Passivity or Purpose?

Are you using your talents or letting them stagnate? Jackie Hendry encourages us to take action now!

Sometimes we wonder where the years have gone.  Perhaps we regret that we didn’t make the most of the time given to us.  Such wisdom may only come when we have turned a corner, like having one of those ‘special birthday’ dates or if we have encountered a crisis such as a diagnosis of illness.  Such events force us to take stock of our lives and we may ask is there anything that can be done to put things right?  We feel we could have done more or helped more people, perhaps, if only we had been able to see as clearly as we do, now that we are older or in a difficult circumstance.
But God doesn’t call us to brood on the past with regret.  Rather, he wants us to have a sense of purpose and hope.  The past may not have been ideal, we may not have used our gifts and abilities to the utmost, but now is the time to do it. 

Some of us sit around waiting for that great big opportunity to fall into our laps so that we can do big things for God.  But that may be a state of passivity.  The parable of the talents is a case in point (Matthew 25:14-30).  The man who hid his one talent was passive; he just let his gift stagnate.  His excuse was fear of the master.  But the master called him lazy and worthless. 

Is our passivity a form of laziness?  Has our get up and go, got up and gone?  My pastor recently said in a sermon: “It’s time some of you got off your big, fat, blessed assurance and did something!”

Time is a very precious commodity and, as a sales pitch says, “once it’s gone, it’s gone”.  If we saw time as money, how would we spend it? Would we spend less or more time in front of the TV, less or more time naval gazing, less or more time thinking of our puny problems?  Sometimes it is frightening to think of what we would say when asked to give an account of our use of time.  We tend to live as if there is a bottomless money-pit of time on earth.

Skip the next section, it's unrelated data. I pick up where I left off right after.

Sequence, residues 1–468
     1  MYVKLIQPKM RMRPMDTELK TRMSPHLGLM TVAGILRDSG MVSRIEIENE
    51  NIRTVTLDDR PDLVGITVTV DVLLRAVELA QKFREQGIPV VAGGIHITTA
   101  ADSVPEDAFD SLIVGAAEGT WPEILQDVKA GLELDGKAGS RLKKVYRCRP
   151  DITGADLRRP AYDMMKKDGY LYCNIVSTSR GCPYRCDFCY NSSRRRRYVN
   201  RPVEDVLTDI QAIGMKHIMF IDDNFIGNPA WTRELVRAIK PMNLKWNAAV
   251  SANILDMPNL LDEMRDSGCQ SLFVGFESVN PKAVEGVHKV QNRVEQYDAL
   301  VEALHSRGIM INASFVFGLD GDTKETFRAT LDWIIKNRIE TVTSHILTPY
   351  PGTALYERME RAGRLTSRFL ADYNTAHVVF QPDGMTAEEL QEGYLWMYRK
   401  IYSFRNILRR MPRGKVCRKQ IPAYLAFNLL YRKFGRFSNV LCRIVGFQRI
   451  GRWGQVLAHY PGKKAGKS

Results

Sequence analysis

It is said that procrastination is the thief of time.  How many of us put off till tomorrow what we can do today?  We put off offering the old lady next door a lift, we put off volunteering to help with Sunday school, we put off writing the letter that may cheer up a lonely friend who lives far away, that phone call that could brighten up someone’s  day. 

It doesn’t have to be a big thing.  But they soon become big things in our conscience as the guilt builds up and we realise that the good we should have done we didn’t do (James 4:17).  We put off the garden, the laundry, the car, playing with our kids. . . We feel too tired, we have too much on our minds; we just consider our personal needs to be too great. 

Exercising our talent does involve a certain degree of self-discipline.  For example, if you have creative gifts such as music, writing or art, it takes a certain self-discipline to get something produced.  And that makes the difference in whether you put your talent to work or bury it. How many excuses have we made today to put off writing that song that’s going round in our head, the poem giving glory to God, the painting representing God’s wonderful creation? 

What about those who are academically gifted?  Are any of us sitting on qualifications and experience that God gave us in the past but which are not being put to use or updated?  Whatever it may be, discover your talent, creative or academic or even practical, and then do something with it. 

Do not wait until you think the gift is perfect enough to win you credibility or even credit.  If you are waiting for perfection, your skill will never be honed and developed.  Take newly graduated medical students, for example, they enter hospital work and are expected to have all the answers, they are in at the deep end. But, as they come up against each new problem, they learn something that will equip them further, they make new discoveries until they are competent.